A public consultation on the review of the European Commission’s Waste Framework Directive (WFD) and EU food waste reduction targets was launched today (May 24).

The public consultation will be open until August 16, 2022 and will focus on the prevention of waste, separate collection, waste oils and textiles and the application of the ‘waste hierarchy’ and the ‘polluter pays’ principles.

Under the ‘waste hierarchy’ principle, waste management options are ranked according to what is best for the environment. On the scale, the best option is waste prevention, while the last resort is the disposal of waste into landfill.

The ‘polluter pays’ principle is an incentive to avoid environmental damage by holding the polluter responsible. It requires the polluter, often a country, to bear the cost of processing, preventing, controlling and remedying its pollution.

The revision considers reviews of several legislative clauses as well as the policy objectives set out in the European Green Deal, the Farm to Fork Strategy and the Circular Economy Action Plan.

Speaking about the public consultation, commissioner for the environment, oceans and fisheries, Virginijus Sinkevičius said he is excited to find out more about the public’s views on making products less wasteful and extending their lifespan.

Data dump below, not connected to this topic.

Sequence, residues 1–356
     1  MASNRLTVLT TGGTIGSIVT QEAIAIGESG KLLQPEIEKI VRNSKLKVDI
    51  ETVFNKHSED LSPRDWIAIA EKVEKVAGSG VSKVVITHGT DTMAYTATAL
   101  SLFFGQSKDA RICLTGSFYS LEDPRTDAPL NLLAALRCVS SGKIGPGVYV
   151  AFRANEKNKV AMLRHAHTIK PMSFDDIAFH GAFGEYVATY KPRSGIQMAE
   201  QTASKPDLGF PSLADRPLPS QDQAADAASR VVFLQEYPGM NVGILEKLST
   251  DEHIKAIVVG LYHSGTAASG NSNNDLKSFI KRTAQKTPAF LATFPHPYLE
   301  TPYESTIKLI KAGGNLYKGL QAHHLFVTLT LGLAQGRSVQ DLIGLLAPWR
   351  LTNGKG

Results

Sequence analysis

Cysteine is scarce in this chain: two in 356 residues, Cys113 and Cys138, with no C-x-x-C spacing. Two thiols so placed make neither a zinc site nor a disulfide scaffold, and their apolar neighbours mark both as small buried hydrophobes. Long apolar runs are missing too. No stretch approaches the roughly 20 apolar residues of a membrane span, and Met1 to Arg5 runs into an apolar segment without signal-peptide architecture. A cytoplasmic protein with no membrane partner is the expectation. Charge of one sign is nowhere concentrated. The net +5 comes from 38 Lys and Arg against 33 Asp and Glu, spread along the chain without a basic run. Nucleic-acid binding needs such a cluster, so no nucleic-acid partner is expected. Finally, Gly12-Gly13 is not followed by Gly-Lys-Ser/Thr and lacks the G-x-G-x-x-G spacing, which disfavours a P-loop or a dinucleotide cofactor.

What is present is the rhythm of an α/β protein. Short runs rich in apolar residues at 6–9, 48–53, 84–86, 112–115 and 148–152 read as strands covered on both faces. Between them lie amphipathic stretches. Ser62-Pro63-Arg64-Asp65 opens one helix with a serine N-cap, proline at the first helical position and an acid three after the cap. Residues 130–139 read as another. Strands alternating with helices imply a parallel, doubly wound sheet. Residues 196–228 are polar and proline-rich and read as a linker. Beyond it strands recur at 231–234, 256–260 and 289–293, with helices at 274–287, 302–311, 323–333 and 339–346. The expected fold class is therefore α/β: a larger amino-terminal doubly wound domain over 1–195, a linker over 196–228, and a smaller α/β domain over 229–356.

“To achieve the circular economy and climate neutrality objectives of the European Green Deal, we need to make a stronger effort to avoid generating waste in the first place and to make our waste management sector more performant,” he added.

“This is what we want to do with this revision and are working to set for the first time food waste reduction targets.

Stella Kyriakides, commissioner for health and food safety echoed these statements. She said that food represents an opportunity to curb our waste and this is one of the goals of the WFD:

“We intend to reduce the environmental footprint of food systems and accelerate the EU’s progress towards our global commitment to halve food waste by 2030.

“The challenges posed to our climate and biodiversity, the covid-19 pandemic and ongoing conflicts make the transition to resilient and sustainable food systems that protect both people and the planet even more important,” she concluded.